By ELLY GRIMM
• Leader & Times
According to the Centers for Disease Control, in the United States, one in five women and one in 71 men have been raped in their lifetime, and on average, almost 500 women are raped or sexually assaulted each day in the United States.
The Kansas Coalition Against Sexual and Domestic Violence says that in Kansas, approximately 245,000 women and 40,000 men will be raped in their lifetime and many more Kansans will experience other forms of sexual violence.
April is known as Sexual Assault Awareness Month and the Liberal Area Rape Crisis and Domestic Violence Services (LARC/DVS) continues to work in the area, offering several different services including individual advocacy, group support, criminal justice advocacy and temporary emergency shelter.
Lori Hensley, executive director of LARC/DVS, says that sexual assault is becoming a growing epidemic.
“Many people think that because we live in rural America it doesn’t happen here but it does,” she said. “If you would look at statistics there’s probably as much or more sexual assault per capita in a rural community than there is in a large metropolitan area and the one thing that people need to understand is very few people that are violated by sexual assaults that it’s a stranger.”
In fact, the Kansas Coalition Against Sexual and Domestic Violence says that approximately 78.5 percent of Kansas rape offenders were known by their victims. However, Hensley says that there is a large amount of sexual assaults that go unreported.
“We do know from different statistics that come through law enforcement, criminal justice and the court systems, that there’s a larger portion of sexual assault victims than we are servicing at our center,” she said.
Hensley also explained the process of what happens when victims come through the doors. Once they come in, the center assigns an advocate and then an intake of information, After the information is taken, it is determined what services the center offers that the victim may need.
“Different individuals use different pieces and parts of our services,” she said. “Our services are all free and voluntary so therefore we don’t say ‘you need to do this’ but we give them the option of those services to choose from.”
The services offered by LARC/DVS go outside the center and work in schools and other places in the nearby area. One of the strongest ones is the prevention classes that are taught by Sadie Madden, the lead advocate and children’s advocate/risk prevention director.
Madden visits Ulysses three times a week and Johnson once a week to give this class. She also maintains a curriculum prevention and safe dating class once a month at Southwestern Heights High School who LARC/DVS has worked with for the last seven years.
“We cover the red flags to look for when they’re dating,” Madden said. “When we finish, students should be able to tell the difference between a healthy relationship and an unhealthy one.”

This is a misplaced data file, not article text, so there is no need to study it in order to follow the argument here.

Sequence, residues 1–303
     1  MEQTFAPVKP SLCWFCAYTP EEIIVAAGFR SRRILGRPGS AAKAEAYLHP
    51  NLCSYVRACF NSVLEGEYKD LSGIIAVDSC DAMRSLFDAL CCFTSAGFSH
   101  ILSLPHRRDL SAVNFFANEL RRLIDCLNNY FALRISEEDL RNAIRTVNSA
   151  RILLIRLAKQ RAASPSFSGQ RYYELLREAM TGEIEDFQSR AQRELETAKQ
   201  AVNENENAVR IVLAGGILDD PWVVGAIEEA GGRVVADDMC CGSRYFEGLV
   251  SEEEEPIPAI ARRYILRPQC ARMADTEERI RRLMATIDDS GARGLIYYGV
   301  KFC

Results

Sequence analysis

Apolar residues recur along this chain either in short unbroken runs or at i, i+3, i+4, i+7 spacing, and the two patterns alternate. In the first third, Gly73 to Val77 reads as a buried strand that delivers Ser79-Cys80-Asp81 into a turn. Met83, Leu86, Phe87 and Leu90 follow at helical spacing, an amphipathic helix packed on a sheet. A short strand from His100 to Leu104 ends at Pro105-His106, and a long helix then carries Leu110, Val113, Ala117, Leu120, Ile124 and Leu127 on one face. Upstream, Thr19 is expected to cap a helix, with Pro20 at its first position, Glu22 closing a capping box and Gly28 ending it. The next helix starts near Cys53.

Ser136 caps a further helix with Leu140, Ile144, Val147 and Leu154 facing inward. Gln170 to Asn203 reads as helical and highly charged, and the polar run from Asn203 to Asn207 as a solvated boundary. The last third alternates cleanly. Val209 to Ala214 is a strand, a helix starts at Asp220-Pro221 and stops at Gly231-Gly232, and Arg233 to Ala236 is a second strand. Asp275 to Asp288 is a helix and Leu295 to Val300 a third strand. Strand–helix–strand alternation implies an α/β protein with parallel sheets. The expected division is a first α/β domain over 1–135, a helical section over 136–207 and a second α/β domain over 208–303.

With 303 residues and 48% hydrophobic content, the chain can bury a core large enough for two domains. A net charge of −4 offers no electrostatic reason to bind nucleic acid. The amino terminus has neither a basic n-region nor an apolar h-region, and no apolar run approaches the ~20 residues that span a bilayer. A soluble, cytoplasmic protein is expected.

Hensley and Madden said that the best advice she can give to those who have been violated by sexual assault is to come forward and seek help.
“What we do is we are here to advocate, to help them in their healing process,” she said. “The biggest thing they need to understand is that when they walk in our door and they tell us that are a victim of sexual assault we’re going to believe them, that’s the first thing and the most important thing.”
“When someone has experienced a sexual assault, the first thing for an advocate to do is be supportive,” added Madden. “We let them know that they’re not alone and that we’re here as a support system and we let them know that it’s not their fault and they shouldn’t have to go through something like that. We’re here to help.”
The Liberal Area Rape Crisis and Domestic Violence Services is located at 909 N. Clay and can be reached 24 hours a day at 620-624-8818 and 1-888-417-7273 to talk to an advocate.
IF YOU ARE THE VICTIM OF SEXUAL VIOLENCE:
• Your immediate safety is important. Get to a safe place such as a friend or family member’s home.
• Get support. Local sexual assault programs can provide free and confidential support and advocacy for you and your friends and family
• Protect your health. You may have a range of health concerns as a result of the sexual violence. It is best to seek medical care as soon as possible
• Reporting the violence is your choice. Depending on the type of sexual violence you’ve experienced, you may consider reporting to law enforcement, an employer, a school official or other person. Many factors may weigh into this decision to report or not to report the violence. There is no right way to handle the effects of sexual violence. If you decide to report the violence to someone, it is important to explore the potential effects of the report on your work, school career and all areas of your life. A local sexual assault program advocate will be able to more fully help you understand the process in your area and to support you through it. If you decide not to report to anyone, you are still fully entitled to advocacy services and medical care.
Info courtesy: Kansas Coalition Against Sexual and Domestic Violence
L&T Graphic/Elly Grimm